That’s God’s agenda. He did not come to distinguish between Baptists and Methodist and Episcopalians and Pentecostals. He came to take over. He came to set a whole new agenda that all of his armed forces must operate under. It’s amazing how when we come to a gathering like this, we can be one in the name of Christ. But when we leave, we go back into our own uniqueness, not understanding that there is only one army here. Not understanding that God has called a coalition to operate in his unified way. Because, brothers and sisters, the test of the power in this room is not measured inside this room.
Whether you are black or white, Hispanic or Asian, Baptist or Methodist … whether you have an outgoing personality or an ingrown personality, there’s only one color that matters. That’s the color red, the precious blood of Jesus Christ.
Identifying the rot of racism
Peter was a man who had to come face to face with this problem. This problem of diversity. This problem of difference. This problem of unity. Peter was a staunch Jew. He was a super Jew. He was proud to be Jewish. Committed to being Jewish and was faithfully Jewish. One day while having devotions on the top of his roof, God gave him a vision of a sheet coming down from heaven with all manner of food on it. Peter said, “Not so Lord. Not so. I can’t eat that unclean food, the food that the Gentiles eat.”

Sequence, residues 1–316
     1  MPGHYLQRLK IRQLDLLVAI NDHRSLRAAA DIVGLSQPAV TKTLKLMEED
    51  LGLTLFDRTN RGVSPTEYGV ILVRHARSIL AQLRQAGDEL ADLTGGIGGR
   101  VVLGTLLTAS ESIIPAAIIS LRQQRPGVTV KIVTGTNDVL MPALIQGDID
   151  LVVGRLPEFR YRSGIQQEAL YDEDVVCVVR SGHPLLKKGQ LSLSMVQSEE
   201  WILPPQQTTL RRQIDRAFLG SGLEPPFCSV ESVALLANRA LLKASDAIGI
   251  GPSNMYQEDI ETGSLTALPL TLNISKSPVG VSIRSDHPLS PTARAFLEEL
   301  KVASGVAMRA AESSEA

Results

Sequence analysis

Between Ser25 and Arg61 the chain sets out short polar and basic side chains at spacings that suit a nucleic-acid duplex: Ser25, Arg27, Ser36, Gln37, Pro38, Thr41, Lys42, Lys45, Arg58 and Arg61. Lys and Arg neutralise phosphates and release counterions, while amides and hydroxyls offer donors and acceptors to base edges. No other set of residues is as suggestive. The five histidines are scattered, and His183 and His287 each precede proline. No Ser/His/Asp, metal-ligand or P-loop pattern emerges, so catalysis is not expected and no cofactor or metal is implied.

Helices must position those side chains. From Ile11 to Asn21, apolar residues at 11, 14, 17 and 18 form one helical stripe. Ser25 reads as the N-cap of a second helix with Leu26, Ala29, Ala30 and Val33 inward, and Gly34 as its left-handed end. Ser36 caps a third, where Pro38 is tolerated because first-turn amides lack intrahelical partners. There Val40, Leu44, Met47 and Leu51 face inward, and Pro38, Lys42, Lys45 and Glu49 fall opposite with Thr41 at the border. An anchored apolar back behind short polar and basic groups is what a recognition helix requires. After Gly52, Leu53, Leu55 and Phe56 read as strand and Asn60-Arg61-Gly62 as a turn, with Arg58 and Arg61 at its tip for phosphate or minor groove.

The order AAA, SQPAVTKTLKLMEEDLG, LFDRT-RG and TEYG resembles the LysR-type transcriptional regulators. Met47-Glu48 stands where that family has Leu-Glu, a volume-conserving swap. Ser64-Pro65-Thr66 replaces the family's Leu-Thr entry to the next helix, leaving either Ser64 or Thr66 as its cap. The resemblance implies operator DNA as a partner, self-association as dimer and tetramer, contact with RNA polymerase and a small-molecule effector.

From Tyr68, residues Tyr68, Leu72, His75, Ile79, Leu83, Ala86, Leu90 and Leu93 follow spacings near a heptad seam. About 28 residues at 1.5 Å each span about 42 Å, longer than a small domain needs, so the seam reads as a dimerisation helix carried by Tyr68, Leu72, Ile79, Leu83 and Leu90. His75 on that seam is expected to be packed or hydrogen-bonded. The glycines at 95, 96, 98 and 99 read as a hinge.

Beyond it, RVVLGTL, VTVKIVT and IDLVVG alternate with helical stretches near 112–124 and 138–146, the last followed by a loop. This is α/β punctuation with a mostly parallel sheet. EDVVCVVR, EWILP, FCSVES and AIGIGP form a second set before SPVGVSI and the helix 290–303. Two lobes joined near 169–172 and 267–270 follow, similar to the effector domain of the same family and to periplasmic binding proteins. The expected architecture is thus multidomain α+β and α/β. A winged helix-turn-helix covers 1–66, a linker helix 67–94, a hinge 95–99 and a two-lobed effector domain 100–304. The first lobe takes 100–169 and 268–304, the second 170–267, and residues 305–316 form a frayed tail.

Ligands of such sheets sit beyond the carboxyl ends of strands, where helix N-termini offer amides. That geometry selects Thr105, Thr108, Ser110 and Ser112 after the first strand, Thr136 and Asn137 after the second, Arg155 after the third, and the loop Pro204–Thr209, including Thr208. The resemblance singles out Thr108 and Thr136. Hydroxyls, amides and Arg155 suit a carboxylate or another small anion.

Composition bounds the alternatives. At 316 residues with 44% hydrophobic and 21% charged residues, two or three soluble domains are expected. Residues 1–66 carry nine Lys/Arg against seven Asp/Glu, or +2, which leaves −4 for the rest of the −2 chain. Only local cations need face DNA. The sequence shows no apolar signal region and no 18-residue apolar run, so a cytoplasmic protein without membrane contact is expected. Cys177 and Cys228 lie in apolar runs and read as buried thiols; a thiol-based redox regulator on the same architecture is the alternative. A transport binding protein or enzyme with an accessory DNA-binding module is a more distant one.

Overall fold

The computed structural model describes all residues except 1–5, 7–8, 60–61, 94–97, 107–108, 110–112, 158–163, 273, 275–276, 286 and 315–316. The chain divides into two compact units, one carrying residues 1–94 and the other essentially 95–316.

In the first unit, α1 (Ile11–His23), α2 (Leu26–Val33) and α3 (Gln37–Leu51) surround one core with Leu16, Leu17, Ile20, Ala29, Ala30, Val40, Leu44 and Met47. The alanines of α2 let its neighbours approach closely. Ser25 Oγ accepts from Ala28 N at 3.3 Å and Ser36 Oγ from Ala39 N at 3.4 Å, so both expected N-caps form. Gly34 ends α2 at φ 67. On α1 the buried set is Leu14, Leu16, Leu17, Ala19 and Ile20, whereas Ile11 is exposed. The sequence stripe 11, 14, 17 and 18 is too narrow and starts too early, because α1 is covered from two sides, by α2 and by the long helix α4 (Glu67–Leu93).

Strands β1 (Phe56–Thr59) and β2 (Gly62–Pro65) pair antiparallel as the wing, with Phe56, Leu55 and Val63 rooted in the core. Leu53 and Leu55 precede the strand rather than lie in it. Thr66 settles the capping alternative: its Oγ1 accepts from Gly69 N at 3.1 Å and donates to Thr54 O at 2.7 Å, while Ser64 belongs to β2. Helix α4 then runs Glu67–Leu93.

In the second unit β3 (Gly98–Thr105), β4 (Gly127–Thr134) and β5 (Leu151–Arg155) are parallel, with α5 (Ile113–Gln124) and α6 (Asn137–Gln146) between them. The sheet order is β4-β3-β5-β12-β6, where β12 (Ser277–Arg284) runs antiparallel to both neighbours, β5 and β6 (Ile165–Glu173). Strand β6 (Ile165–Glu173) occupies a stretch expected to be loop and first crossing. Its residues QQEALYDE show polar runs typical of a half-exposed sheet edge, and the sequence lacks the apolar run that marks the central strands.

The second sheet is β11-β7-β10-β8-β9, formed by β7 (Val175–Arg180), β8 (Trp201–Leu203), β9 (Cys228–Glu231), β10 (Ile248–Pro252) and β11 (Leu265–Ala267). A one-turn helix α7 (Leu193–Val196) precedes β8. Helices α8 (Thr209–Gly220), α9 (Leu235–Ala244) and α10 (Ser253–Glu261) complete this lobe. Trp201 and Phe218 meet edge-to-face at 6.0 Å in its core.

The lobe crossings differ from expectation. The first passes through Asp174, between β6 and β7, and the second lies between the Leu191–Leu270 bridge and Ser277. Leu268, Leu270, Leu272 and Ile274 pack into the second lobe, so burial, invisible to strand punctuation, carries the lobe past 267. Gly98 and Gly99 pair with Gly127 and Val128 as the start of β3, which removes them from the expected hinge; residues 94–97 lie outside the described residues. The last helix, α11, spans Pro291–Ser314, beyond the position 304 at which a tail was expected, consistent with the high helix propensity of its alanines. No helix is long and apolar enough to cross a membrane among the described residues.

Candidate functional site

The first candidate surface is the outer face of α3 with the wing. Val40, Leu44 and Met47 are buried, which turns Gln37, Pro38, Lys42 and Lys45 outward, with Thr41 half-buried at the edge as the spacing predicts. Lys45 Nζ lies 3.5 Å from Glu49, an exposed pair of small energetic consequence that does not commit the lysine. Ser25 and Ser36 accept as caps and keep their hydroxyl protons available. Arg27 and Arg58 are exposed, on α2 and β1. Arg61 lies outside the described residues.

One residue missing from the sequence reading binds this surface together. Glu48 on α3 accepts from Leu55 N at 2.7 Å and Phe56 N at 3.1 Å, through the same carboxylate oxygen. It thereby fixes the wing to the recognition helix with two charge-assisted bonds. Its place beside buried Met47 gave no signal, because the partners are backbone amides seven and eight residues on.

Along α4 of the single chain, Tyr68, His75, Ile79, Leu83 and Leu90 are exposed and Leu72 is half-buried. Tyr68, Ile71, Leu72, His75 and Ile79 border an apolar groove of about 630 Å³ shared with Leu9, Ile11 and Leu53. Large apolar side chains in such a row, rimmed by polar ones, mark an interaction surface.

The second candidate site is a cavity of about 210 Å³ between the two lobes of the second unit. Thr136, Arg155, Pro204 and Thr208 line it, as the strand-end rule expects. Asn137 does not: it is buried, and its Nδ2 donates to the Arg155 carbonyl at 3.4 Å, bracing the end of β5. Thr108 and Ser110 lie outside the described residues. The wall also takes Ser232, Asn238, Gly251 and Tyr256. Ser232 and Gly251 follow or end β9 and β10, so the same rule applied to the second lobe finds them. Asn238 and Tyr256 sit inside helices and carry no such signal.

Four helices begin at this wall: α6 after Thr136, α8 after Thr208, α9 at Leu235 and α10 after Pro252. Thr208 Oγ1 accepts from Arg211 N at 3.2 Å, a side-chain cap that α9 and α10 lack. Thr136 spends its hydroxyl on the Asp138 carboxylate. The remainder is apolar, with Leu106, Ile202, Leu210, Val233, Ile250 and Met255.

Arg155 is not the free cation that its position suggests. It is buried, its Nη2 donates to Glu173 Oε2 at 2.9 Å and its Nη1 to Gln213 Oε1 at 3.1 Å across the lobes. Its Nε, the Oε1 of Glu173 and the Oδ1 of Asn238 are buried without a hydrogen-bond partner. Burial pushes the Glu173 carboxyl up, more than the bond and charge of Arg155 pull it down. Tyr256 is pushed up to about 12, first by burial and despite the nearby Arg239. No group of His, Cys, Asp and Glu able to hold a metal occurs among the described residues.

God then gave him a lesson of a lifetime. “Don’t call unclean what I call clean. Don’t use your past standards to govern your present actions. This is a new ballgame now. I’ve created a new entity called the church.” He was then sent down to the home of Cornelius, where he introduced Gentiles to the new reality of a King. This cross-cultural experience made such a great impact that he even went over to dine with the Gentiles on their side of town.
That dinner event is recorded for us in Galatians 2. Finally, he had the chance to eat Gentile “soul” food. So he crosses the railroad tracks and goes dining at the “Soul Shack” where the Gentiles were living. He’d always wanted to taste pig feet and hog moths and chittlin’s. He always wanted to know what fat back and pork chops and ham tasted like. There he had his opportunity, ordained by God.
And so we find him dining with the Gentiles. Finding out he could have fellowship with people who are different than he was. Finding out what all the hoopla was all about regarding their background, their history, their worldview, and their diet. What he was finding out was all the good cooking he had been missing in all of his years as a Jew. That’s what he found out.
And so in Galatians 2, we find him dining with the Gentiles, enjoying a glorious, sumptuous, marvelous, magnanimous meal. In fact, he had even brought some of his Jewish friends with him and they were all seated and dining together. But a problem occurred in verse 12. It says, “For prior to the coming of certain men from James, he used to eat with the Gentiles. But when they came he began to withdraw and hold himself aloof fearing the party of the circumcision.”